You needed to state this at the outset. Basically you said that the Grand Prix was designed to fail, which I have clearly demonstrated it was not. Given that your arguments were presented with a false/confusing premise my suggestion would be to go back to your initial post, change it in the light of what you know now, and have another go at asking questions. Because as it is now I cannot answer the questions you ask in a clear manner.

  11. #11
    CC International Master
    Join Date
    Jan 2004
    Posts
    1,074
    Quote Originally Posted by pax
    Have the winners of the 2004 GP been officially announced?
    In a word, no. Garvin has posted details(not sure if they're final) of the Open division but I believe he's still working on the other divisions.

  12. #12
    CC Grandmaster Garvinator's Avatar
    Join Date
    Jan 2004
    Location
    Brisbane
    Posts
    13,308
    Quote Originally Posted by garethbcharles
    In a word, no. Garvin has posted details(not sure if they're final) of the Open division but I believe he's still working on the other divisions.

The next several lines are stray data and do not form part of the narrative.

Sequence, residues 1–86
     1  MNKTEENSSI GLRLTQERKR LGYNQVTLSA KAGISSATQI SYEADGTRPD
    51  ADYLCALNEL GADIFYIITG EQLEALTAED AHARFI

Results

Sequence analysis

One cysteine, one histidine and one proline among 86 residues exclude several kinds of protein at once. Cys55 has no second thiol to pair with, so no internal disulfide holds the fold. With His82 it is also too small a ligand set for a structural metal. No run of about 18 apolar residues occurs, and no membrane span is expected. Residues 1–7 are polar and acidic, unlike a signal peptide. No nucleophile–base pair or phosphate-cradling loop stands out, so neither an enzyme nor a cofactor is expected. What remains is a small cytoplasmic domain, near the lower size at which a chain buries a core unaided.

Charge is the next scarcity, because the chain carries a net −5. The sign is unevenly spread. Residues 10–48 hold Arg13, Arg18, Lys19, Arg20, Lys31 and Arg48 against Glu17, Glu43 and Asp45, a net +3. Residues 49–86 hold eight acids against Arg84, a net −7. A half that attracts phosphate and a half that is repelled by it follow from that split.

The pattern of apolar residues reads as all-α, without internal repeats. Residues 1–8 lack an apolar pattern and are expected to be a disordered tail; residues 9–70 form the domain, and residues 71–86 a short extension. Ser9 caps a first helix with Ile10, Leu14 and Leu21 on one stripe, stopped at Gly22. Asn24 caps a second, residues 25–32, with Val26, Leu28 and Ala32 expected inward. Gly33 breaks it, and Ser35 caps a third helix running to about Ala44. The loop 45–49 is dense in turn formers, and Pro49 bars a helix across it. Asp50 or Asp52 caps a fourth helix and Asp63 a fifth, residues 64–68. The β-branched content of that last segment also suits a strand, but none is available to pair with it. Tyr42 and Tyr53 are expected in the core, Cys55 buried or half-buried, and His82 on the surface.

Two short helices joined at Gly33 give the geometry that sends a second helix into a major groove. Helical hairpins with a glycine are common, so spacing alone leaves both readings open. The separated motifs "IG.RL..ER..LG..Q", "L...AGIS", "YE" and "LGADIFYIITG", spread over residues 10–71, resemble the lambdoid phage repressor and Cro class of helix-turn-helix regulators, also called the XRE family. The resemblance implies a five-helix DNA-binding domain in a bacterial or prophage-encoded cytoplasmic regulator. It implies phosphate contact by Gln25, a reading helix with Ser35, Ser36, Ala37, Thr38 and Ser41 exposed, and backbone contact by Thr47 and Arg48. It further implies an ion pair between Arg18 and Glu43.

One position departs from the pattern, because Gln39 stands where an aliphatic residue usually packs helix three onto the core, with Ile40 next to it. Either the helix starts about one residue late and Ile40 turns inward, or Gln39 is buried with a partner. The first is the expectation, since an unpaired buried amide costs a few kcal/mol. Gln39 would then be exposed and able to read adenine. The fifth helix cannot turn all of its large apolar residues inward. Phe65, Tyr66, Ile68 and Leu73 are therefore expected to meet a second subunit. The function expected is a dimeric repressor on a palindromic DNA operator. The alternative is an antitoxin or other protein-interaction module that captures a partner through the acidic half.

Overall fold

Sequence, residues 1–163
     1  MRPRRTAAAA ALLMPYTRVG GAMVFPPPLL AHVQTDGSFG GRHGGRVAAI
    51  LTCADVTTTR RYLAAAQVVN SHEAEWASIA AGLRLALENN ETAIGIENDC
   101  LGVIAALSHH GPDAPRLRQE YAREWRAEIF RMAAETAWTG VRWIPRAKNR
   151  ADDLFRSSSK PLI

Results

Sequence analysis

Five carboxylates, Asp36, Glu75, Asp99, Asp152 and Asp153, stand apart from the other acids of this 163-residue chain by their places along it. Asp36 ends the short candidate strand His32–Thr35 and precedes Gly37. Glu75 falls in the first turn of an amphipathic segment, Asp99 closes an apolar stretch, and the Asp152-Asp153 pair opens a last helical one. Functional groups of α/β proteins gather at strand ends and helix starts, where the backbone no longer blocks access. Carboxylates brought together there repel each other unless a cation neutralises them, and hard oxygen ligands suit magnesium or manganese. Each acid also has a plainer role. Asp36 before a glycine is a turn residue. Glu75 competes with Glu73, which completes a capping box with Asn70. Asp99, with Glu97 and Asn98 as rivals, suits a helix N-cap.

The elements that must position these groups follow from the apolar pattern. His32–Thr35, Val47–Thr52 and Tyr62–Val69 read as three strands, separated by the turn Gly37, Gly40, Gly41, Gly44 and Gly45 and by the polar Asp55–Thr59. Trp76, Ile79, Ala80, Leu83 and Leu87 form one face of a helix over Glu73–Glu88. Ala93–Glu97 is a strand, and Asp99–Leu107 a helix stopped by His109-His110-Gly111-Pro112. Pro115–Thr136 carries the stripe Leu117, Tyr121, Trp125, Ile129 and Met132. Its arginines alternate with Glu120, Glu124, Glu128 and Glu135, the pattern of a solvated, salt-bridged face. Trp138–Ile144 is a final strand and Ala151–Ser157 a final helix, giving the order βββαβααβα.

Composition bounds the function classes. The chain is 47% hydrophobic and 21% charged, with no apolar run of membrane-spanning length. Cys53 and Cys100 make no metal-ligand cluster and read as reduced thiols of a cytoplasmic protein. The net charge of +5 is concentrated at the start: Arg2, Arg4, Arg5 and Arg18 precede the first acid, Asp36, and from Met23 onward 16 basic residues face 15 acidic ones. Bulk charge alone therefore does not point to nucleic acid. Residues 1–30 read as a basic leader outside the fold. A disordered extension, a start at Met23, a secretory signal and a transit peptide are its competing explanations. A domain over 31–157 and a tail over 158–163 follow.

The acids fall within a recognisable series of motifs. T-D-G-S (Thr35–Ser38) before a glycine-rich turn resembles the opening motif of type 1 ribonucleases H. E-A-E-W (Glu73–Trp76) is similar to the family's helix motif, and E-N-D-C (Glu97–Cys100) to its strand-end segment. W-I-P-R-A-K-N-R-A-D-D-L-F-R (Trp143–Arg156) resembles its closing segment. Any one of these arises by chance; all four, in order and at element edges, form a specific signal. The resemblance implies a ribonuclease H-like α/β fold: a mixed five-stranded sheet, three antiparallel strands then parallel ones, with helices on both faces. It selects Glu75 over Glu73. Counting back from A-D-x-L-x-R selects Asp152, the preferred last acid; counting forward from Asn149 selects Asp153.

to answer both pax and Gareth, Gareth is correct. I am snowed under at the moment and getting things done as quick as I can. I apologise for not having them done for 2004.

  13. #13
    CC Grandmaster
    Join Date
    Jun 2004
    Posts
    5,672
    Quote Originally Posted by ggrayggray
    to answer both pax and Gareth, Gareth is correct. I am snowed under at the moment and getting things done as quick as I can. I apologise for not having them done for 2004.
    I don't know where the fault lies (I'm not accusing Garvin specifically), but that's a pretty poor state of affairs. The trouble is that once we are well into 2005, people have lost interest in the 2004 GP (if they had any to start with).